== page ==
Jay: And it saves on the stress on their time drawing their time.
Christian: Absolutely, absolutely. Because eventually, you know, you’re really asking these people to be part of the solution, which means documenting, explaining, getting process controls in place, understanding, you know, role-based access controls at each software practice. But that’s a different question in the finance department than it is in the marketing department. It’s a different question of scale. So, you may not need the finance person, you know, every week. You may need the marketing person or the ad sales buying person because they’re dealing with massive audience data sets, potentially, or customer data. That’s the type of thing that you have to make the call on. I think it’s good at least once a month for both teams to get together. But I think the working group has to be far more flexible.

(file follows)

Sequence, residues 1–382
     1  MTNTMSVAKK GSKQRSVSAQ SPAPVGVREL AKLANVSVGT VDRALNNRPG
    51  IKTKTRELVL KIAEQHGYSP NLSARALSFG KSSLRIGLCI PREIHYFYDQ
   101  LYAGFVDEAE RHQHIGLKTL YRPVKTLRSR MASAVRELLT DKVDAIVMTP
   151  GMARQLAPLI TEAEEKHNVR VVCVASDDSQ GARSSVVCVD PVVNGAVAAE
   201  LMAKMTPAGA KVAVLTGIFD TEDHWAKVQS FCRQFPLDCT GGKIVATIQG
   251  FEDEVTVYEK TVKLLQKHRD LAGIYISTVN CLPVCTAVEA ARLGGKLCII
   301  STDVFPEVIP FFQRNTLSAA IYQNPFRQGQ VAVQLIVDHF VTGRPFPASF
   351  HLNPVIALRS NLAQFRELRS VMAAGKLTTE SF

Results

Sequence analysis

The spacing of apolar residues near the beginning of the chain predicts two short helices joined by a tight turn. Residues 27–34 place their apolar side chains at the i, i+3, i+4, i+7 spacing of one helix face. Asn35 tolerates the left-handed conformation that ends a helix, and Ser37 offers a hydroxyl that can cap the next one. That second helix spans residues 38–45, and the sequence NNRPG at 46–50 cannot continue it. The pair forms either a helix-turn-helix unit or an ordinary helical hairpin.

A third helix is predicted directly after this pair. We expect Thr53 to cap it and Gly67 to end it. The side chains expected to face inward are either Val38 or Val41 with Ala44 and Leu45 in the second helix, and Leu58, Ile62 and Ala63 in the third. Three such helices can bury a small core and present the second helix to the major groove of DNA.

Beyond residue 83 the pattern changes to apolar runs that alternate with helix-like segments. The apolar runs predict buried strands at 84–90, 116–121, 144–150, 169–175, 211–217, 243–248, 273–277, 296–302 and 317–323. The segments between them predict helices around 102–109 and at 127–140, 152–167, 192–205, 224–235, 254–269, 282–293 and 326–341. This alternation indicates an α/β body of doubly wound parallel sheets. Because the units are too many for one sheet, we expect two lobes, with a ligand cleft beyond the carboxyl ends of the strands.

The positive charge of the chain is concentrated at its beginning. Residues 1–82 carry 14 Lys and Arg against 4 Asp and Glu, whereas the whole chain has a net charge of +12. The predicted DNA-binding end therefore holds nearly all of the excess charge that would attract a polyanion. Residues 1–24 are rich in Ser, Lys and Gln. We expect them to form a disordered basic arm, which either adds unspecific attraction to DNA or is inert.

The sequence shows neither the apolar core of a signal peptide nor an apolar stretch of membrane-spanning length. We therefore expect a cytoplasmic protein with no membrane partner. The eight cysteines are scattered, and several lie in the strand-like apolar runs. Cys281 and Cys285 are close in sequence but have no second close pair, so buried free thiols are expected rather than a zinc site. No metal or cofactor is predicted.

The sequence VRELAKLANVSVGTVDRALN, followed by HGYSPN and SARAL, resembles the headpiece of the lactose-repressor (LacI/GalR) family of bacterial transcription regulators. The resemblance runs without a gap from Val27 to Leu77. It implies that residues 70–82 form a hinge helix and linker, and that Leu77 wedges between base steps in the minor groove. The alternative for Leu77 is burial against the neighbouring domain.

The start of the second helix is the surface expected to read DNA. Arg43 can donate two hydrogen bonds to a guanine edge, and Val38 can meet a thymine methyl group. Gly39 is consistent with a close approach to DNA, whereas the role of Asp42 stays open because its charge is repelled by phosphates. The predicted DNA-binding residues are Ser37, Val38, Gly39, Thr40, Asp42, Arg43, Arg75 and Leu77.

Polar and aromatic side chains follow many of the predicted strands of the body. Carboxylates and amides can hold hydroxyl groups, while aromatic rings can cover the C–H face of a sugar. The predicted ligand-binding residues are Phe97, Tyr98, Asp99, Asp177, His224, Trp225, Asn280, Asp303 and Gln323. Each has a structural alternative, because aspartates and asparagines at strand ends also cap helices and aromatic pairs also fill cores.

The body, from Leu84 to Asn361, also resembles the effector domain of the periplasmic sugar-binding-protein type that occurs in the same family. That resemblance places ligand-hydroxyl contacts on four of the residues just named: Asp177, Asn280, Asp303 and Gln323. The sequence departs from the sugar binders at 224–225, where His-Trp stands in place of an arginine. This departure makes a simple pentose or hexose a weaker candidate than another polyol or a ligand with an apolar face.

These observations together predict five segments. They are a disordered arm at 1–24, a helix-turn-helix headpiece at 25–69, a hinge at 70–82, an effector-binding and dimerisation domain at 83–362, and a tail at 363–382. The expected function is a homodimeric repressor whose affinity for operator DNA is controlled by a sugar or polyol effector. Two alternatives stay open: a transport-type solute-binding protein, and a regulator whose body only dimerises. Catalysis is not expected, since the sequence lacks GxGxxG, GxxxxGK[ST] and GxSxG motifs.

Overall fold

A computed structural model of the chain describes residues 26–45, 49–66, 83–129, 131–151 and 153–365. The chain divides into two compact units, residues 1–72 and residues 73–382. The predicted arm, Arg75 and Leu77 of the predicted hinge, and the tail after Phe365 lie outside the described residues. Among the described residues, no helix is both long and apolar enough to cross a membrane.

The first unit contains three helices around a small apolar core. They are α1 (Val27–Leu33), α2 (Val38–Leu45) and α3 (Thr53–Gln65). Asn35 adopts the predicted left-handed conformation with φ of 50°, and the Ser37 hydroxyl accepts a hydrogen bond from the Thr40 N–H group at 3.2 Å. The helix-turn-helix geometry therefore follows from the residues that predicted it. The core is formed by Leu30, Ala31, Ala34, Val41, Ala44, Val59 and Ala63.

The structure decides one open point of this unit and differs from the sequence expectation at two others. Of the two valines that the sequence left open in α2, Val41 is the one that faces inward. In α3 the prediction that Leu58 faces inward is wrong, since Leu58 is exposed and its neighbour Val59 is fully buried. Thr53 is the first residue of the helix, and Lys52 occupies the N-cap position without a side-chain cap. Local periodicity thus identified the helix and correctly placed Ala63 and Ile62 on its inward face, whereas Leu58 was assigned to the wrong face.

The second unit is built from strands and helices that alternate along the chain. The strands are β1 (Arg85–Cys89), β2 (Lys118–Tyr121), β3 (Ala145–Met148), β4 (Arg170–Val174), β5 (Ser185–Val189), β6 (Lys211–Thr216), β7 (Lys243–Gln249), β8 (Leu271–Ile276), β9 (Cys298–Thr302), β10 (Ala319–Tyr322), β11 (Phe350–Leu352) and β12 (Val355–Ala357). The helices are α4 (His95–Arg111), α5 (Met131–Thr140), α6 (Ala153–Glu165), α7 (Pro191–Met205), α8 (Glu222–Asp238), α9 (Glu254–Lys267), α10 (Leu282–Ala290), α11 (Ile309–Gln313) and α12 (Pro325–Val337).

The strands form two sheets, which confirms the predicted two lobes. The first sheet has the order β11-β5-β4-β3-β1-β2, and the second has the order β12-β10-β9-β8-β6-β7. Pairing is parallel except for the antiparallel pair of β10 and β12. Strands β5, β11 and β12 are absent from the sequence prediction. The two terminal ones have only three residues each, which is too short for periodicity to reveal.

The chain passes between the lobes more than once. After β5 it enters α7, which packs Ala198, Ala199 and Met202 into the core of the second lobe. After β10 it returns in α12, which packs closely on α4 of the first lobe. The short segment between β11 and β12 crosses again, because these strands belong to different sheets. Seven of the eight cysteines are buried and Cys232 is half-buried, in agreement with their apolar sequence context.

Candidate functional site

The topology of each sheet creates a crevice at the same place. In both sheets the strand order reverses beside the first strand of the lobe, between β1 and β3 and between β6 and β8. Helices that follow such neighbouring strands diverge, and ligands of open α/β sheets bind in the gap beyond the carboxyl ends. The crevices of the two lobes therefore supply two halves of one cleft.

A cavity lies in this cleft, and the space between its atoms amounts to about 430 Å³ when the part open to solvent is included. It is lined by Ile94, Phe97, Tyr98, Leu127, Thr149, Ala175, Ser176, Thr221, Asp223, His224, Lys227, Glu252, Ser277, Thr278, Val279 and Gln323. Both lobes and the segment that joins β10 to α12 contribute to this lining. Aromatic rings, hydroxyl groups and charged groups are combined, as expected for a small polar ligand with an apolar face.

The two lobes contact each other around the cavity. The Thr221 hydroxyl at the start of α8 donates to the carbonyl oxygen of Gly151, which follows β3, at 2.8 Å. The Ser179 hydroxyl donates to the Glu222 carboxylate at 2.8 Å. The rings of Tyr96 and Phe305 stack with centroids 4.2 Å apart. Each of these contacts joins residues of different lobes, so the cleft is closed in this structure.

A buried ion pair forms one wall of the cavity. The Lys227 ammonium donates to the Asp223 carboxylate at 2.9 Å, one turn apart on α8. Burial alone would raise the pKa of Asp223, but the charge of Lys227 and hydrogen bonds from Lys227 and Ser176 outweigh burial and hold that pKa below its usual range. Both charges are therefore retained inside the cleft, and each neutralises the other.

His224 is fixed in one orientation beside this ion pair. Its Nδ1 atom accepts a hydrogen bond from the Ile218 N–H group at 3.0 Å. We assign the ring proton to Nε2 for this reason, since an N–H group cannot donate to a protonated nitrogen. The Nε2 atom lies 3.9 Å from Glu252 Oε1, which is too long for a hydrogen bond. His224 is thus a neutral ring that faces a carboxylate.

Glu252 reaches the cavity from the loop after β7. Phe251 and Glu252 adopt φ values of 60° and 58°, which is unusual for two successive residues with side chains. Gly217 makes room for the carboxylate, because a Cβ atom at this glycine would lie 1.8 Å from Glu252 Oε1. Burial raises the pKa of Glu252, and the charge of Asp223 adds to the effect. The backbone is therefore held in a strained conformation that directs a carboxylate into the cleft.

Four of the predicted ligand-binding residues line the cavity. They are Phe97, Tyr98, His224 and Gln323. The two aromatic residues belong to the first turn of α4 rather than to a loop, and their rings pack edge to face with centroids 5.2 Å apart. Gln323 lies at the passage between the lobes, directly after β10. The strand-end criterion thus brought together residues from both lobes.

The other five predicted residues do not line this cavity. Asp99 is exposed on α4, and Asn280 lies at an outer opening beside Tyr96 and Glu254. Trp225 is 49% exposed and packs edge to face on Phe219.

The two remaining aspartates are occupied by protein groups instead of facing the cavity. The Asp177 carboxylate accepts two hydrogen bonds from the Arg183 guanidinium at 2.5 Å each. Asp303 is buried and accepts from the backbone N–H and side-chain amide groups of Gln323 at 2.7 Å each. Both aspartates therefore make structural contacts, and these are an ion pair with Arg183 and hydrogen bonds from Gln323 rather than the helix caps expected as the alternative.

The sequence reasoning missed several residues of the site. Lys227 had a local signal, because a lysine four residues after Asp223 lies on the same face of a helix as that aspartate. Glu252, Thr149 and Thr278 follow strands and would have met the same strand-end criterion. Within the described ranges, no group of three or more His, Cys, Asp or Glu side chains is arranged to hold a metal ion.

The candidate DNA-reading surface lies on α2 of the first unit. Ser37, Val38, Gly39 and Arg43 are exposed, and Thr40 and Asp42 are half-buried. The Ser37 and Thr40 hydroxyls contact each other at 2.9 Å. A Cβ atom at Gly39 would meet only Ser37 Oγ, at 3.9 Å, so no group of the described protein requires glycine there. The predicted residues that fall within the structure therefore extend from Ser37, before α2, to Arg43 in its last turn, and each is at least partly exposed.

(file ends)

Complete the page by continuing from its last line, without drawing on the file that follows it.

Jay: I think the way to approach this is you’re talking about the operations of your company, your company doesn’t operate by running the IT department, it doesn’t operate by running the finance department. It’s in the business of doing business. So, the people who are touching your systems and responsible for oversight of how your business works, they need to be a part of this. And as you said, it’s a great opportunity for talent identification, and to sort of build expertise and privacy matters so that in 10 years, you’re like, “Wow, I know exactly who’s gonna be on our privacy leadership team this time.”
Jay: So, what about some of the challenges? I mean, that all sounds great. But what if you’re in a position where you have, you know, a segmented approach, the data that controls, or you have people who don’t really believe in what you’re talking about? What are some of the challenges that you identify?